Pulmonary hypertension (PH) is a fatal disease characterized by increased pulmonary arterial pressure and abnormalities in blood vessel growth. While current therapies modestly improve functional capacity, they have marginal impact on long- term survival, perhaps because they neglect pathogenesis. Despite compelling evidence for thrombotic and inflammatory mechanisms in PH, no drugs have been developed to target these mechanisms. We recently reported that high mobility group box 1 (HMGB1) is elevated in human and murine PH contributing to the pathogenesis via toll like receptor 4 (TLR4)-dependent mechanisms. We also reported on the role of the complement system in PH. Activation of the complement cascade or TLR4 induces a pro-inflammatory, pro-adhesive, pro-coagulant phenotype and studies point to a cross talk between TLRs and the complement system. Preliminary data suggest that (1) HMGB1 stimulates TLR4 on platelets thus contributing to PH, (2) there is cross talk between platelet TLR4 and the complement system and (3) that platelets are a source of HMGB1 in PH. These data form the basis of our overarching hypothesis that HMGB1-dependent activation of platelet TLR4 causes platelet activation, secretion, platelet-dependent complement activation, and HMGB1 release thus contributing to the pathogenesis of PH.
In Aim 1 we will characterize the effect of HMGB1 on human and mouse platelet activation, secretion and aggregation as well as the HMGB1 isoform responsible for this effect. The TLR4- dependence of HMGB1-stimulated platelet activation will be explored. A role for mitochondrial ROS as a downstream signaling mechanism in HMGB1/TLR4-dependent platelet activation will be investigated. Transfusion of WT platelets into TLR4-/- mice will confirm a role for platelet TLR4 in hypoxia-induced PH. A novel HMGB1 inhibitor that specifically blocks HMGB1/TLR4 interaction will further identify the role of HMGB1/TLR4 interactions in PH.
In aim 2 we will examine if loss of platelet TLR4 attenuates complement activation in hypoxia-induced PH. We will test the ability of platelets activated by TLR4 agonists to activate complement and if these agonists can enhance platelet activation by complement components. Finally, we will explore the mechanism(s) by which TLR4 mediates C3a and C5a-dependent platelet activation.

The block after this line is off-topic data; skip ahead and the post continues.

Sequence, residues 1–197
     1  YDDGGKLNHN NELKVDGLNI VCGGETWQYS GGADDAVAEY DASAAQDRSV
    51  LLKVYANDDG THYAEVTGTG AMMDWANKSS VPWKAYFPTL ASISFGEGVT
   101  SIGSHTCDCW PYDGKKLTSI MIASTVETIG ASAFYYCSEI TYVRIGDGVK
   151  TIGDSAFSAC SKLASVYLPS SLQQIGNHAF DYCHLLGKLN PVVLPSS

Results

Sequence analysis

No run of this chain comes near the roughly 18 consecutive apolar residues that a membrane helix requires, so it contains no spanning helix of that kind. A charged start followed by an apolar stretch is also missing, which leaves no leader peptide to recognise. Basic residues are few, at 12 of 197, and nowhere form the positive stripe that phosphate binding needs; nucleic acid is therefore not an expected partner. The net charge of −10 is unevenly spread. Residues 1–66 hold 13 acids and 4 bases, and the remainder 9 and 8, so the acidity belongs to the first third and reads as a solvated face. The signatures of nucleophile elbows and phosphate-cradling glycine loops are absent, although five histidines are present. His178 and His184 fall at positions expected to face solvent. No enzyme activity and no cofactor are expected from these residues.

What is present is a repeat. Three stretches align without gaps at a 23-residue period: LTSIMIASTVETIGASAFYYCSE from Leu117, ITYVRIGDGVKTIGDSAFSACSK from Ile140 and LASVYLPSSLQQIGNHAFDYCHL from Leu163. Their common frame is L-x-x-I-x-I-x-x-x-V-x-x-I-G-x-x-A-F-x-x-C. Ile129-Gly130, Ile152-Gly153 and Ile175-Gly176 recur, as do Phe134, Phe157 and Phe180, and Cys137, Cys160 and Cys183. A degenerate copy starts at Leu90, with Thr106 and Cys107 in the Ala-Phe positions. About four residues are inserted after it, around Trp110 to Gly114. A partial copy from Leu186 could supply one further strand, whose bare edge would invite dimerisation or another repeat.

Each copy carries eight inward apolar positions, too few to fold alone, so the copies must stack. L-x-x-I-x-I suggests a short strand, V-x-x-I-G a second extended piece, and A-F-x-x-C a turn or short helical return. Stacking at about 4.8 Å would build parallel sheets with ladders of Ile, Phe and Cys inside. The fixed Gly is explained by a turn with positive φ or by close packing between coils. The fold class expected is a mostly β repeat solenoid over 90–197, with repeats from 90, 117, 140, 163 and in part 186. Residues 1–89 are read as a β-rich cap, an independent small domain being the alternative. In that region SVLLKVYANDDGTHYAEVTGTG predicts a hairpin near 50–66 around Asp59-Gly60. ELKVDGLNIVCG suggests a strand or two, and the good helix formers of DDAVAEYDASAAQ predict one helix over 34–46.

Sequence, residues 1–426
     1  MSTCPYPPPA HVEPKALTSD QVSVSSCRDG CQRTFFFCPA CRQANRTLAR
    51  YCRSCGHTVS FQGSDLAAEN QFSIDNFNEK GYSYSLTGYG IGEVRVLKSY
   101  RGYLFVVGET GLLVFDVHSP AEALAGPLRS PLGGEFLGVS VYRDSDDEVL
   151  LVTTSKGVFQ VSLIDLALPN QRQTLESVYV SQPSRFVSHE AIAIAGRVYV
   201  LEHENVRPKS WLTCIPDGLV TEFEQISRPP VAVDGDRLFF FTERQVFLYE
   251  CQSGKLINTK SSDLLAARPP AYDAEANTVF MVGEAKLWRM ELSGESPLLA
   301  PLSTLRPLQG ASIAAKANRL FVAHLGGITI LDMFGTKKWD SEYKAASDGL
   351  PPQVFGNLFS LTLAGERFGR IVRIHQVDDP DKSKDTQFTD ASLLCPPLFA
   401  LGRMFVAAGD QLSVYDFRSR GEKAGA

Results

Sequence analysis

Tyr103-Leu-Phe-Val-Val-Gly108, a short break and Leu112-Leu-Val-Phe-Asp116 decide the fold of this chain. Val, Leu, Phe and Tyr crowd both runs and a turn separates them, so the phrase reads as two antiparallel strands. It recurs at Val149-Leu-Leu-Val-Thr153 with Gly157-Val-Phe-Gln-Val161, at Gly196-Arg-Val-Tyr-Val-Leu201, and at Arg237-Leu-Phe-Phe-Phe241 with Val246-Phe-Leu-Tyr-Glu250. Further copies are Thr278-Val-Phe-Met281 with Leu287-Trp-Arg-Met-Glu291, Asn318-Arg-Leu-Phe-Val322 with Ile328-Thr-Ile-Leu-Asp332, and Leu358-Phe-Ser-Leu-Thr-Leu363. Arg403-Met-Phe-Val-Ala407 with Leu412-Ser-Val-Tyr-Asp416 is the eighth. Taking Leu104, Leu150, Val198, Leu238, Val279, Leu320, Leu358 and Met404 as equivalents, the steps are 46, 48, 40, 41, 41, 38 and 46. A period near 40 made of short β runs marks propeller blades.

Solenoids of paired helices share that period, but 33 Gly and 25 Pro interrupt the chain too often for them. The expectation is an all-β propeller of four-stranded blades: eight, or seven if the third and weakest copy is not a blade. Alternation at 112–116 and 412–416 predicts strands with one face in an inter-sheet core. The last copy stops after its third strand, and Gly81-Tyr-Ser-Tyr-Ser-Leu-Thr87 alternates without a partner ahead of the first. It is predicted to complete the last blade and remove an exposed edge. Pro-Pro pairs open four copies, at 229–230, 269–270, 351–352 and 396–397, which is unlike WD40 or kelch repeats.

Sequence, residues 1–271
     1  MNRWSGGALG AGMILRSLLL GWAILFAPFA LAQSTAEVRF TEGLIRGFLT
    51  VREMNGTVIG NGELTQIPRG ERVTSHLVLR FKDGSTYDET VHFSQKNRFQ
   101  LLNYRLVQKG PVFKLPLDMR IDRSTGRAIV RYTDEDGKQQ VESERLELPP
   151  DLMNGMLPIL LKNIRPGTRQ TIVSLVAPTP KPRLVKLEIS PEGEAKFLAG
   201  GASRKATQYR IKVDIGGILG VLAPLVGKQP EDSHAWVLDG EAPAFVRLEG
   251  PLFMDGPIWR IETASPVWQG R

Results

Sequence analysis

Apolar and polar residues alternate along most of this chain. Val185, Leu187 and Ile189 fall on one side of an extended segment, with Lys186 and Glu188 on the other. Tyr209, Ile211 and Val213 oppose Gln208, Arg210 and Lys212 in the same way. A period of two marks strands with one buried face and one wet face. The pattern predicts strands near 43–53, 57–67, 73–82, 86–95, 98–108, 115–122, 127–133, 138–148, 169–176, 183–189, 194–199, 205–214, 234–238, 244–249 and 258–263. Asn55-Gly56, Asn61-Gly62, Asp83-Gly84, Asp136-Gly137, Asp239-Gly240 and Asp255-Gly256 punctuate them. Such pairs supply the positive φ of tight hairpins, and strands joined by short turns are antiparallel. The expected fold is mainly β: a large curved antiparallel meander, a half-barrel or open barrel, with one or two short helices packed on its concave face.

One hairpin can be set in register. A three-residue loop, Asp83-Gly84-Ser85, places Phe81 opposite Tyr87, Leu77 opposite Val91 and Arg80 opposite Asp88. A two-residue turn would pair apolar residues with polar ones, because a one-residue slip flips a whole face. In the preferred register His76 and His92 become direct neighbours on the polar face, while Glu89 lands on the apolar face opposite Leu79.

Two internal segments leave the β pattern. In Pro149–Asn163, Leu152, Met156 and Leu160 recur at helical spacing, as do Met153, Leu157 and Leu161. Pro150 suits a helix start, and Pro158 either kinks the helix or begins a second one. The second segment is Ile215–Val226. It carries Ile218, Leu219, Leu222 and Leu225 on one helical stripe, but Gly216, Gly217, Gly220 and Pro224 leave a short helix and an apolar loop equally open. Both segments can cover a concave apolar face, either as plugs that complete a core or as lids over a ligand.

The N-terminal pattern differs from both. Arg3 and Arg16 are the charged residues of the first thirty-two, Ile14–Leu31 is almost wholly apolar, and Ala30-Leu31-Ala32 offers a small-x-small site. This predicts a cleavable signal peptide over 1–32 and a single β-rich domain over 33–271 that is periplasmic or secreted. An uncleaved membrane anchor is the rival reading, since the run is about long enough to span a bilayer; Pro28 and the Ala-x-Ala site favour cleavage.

In Aim 3 we will explore whether HMGB1 released from platelets contributes to the pathogenesis of PH using platelet specific HMGB1 knockout mice. Transfusion of WT platelets back into platelet specific HMGB1-/- mice will confirm a role for platelet HMGB1 in hypoxia-induced PH. Intracellular and platelet surface HMGB1 levels will be measured in platelets from patients to determine if platelets release HMGB1 in human PAH. It is our goal to define the pathophysiology of the platelet and immune system abnormalities in PH, and in so doing, apply the knowledge to improve the care of PH patients.
Pulmonary hypertension is a progressive and fatal disease with no known cure. Recent studies from our laboratory have identified a role for the innate immune mediator HMGB1 and its receptor, TLR4, in the pathogenesis of the disease. The proposed experiments are aimed at elucidating a role for HMGB1 and platelet TLR4 in mediating platelet and complement activation in pulmonary hypertension. Additional experiments will test whether platelets are a source of circulating HMGB1 in pulmonary hypertension.